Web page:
Raymond Ibrahim’s opinion piece for Hudson New York is in marked contrast to Robert Fisk’s portrayal of the Palestinians as the most oppressed Christians in the Middle East.
Yesterday, Robert Fisk’s front-page story in The Independent, ‘Exodus: The changing map of the Middle East‘, discussed the rapidly dwindling number of Christians in the region. Fisk highlighted Palestinian Christians as perhaps the most oppressed because of Israel’s separation barrier: ‘nowhere is the Christian fate sadder than in the territories around Jerusalem’.
Despite dedicating several paragraphs to the impact that the conflict had had on Palestinian Christians, Fisk provided far less information on the plight of the Egyptian Coptic community. While admitting they were a minority, Fisk put this down to the general problem that Christians were being ‘outbred by the majority Muslim populations’ and that ‘they are almost hopelessly divided’. What detail he did provide was notably opaque on the issue of the Muslim majority intimidating the Christian minority, while implying the state was protecting the Copts:
‘In Egypt, there has been a gloomy increase in Christian-Muslim violence, especially in ancient villages in the far south of the country; in Cairo, Christian churches are now cordoned off by day-and-night police checkpoints.’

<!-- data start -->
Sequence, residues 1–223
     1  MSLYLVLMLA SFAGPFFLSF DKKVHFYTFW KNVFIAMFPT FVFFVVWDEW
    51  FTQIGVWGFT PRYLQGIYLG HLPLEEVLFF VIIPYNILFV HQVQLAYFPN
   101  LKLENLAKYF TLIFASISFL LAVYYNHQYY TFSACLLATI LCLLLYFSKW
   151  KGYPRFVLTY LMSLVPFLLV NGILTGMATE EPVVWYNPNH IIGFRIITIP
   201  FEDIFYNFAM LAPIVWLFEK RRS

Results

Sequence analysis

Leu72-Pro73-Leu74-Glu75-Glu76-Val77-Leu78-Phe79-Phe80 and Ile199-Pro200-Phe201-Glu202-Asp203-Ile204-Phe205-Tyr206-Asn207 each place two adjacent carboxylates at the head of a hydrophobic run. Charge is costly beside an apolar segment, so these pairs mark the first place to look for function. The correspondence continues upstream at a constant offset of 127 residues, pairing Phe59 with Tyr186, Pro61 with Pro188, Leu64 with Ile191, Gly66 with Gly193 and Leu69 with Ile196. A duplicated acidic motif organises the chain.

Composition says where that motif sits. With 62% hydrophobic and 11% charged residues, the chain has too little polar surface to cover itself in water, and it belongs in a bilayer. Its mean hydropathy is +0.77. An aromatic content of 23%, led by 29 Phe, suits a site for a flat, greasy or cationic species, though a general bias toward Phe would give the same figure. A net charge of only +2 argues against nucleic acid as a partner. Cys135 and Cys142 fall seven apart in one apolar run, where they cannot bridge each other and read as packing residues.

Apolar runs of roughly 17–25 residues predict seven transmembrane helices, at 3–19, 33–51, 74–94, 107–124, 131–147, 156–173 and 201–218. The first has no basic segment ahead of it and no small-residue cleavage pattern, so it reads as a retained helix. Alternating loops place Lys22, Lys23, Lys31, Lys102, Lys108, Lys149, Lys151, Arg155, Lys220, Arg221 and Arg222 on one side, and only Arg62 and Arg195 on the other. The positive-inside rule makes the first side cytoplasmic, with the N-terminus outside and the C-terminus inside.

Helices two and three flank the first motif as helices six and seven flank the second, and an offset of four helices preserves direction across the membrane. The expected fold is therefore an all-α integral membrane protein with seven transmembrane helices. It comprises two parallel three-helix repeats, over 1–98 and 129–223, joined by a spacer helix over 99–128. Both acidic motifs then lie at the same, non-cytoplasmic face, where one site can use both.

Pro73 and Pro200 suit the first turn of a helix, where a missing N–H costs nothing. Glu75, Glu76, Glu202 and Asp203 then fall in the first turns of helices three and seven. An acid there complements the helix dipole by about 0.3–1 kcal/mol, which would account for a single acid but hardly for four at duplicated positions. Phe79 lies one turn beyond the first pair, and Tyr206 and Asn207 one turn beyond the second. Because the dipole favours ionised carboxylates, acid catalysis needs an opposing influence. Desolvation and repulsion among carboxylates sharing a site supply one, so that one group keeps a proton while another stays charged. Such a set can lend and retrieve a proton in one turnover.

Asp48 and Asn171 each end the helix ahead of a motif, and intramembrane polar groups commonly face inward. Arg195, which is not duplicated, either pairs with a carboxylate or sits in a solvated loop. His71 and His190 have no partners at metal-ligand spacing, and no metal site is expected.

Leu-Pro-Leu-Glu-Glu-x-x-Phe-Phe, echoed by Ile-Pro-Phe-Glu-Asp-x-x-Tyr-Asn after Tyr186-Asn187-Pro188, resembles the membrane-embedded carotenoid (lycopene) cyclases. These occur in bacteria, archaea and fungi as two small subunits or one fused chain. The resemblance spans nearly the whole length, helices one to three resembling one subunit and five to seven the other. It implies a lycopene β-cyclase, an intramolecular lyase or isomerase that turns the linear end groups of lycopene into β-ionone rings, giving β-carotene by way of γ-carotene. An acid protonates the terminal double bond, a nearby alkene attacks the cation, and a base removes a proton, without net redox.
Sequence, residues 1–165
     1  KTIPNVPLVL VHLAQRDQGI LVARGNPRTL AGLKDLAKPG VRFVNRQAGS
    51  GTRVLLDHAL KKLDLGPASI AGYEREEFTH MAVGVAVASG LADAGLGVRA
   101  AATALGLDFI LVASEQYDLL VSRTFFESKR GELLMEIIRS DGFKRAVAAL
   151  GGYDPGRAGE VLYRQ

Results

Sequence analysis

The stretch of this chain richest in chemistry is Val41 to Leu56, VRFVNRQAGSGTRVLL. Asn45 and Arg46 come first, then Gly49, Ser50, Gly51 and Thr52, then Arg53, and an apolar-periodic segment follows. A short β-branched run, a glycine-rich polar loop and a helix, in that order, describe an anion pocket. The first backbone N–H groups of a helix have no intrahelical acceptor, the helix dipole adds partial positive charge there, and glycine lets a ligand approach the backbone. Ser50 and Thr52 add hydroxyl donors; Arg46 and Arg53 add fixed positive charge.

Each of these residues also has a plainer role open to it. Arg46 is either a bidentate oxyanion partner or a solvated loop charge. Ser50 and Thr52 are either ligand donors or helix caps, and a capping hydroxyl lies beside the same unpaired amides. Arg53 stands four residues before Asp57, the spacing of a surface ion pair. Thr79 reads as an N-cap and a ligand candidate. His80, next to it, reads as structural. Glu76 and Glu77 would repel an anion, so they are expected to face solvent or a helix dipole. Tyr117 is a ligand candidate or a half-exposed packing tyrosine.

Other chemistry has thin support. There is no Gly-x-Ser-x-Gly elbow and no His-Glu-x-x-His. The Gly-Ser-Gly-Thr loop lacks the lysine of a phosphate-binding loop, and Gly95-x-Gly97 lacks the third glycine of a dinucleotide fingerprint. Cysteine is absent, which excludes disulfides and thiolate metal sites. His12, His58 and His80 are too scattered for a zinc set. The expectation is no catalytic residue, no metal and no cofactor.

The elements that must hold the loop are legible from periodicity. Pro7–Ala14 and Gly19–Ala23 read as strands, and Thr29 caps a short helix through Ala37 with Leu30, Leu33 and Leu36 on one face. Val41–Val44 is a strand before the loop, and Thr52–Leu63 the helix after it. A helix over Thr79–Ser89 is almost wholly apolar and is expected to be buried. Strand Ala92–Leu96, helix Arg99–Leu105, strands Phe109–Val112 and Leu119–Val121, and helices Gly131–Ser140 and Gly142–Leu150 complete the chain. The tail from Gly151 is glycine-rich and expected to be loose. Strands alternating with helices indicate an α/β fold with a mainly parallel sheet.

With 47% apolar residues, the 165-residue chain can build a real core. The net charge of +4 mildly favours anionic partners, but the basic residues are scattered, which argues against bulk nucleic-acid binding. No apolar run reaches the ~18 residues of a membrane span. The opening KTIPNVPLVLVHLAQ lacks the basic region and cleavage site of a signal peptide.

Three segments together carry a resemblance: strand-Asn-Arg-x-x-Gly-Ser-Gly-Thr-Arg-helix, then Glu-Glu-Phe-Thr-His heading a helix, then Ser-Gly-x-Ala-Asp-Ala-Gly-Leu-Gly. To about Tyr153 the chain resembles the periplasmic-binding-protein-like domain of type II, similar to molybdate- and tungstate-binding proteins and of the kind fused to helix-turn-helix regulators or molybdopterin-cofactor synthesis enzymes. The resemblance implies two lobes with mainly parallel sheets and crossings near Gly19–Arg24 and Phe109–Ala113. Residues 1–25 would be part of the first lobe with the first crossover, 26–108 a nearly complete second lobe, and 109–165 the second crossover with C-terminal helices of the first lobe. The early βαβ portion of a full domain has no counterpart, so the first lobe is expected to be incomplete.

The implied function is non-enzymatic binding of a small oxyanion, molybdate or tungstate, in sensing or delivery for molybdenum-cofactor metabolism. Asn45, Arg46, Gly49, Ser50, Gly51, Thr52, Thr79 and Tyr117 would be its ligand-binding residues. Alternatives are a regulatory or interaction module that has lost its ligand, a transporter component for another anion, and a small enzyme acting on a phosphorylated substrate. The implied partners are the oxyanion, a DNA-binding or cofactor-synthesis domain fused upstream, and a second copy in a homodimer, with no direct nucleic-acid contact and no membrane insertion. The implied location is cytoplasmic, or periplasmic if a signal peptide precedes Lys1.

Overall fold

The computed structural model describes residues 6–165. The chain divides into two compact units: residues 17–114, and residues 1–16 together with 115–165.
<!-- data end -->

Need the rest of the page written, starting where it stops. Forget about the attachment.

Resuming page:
A recent opinion piece by Raymond Ibrahim, associate director of the Middle East Forum, for Hudson New York, gives a much more in-depth account of the problems facing the Coptic community. In ‘Egypt Cuts a Deal: Christians Fed to Muslim ‘Lions’‘, published 18 October, Ibrahim argues that not only do the Copts ‘find themselves again in a period of severe persecution’, but that ‘recent events indicate that the Mubarak regime is intentionally inciting Egypt’s Muslims against the Copts.’ One incident in particular reveals the precarious relationship between Christians and the state:
‘To further exasperate matters, on September 26, Al Azhar, a formal state body of Egypt, denounced a remark on Koran 5:17, which accuses Christians of being “infidels,” made by a Coptic clergyman at an internal meeting on dogma, as “blasphemous.” It further took this opportunity to state formally that citizenship rights in Egypt “are conditional to respect for the Islamic identity” of Egypt, thereby reversing any modern progress made regarding Egyptian equality and reinforcing the Copts’ historical role as dhimmis (i.e., conditionally tolerated religious minorities).’
The minimalist treatment Fisk gave to the situation of Christians in Egypt is striking, given the catalogue of tensions Ibrahim discusses, especially in light of the focus he gave to Palestinian Christians.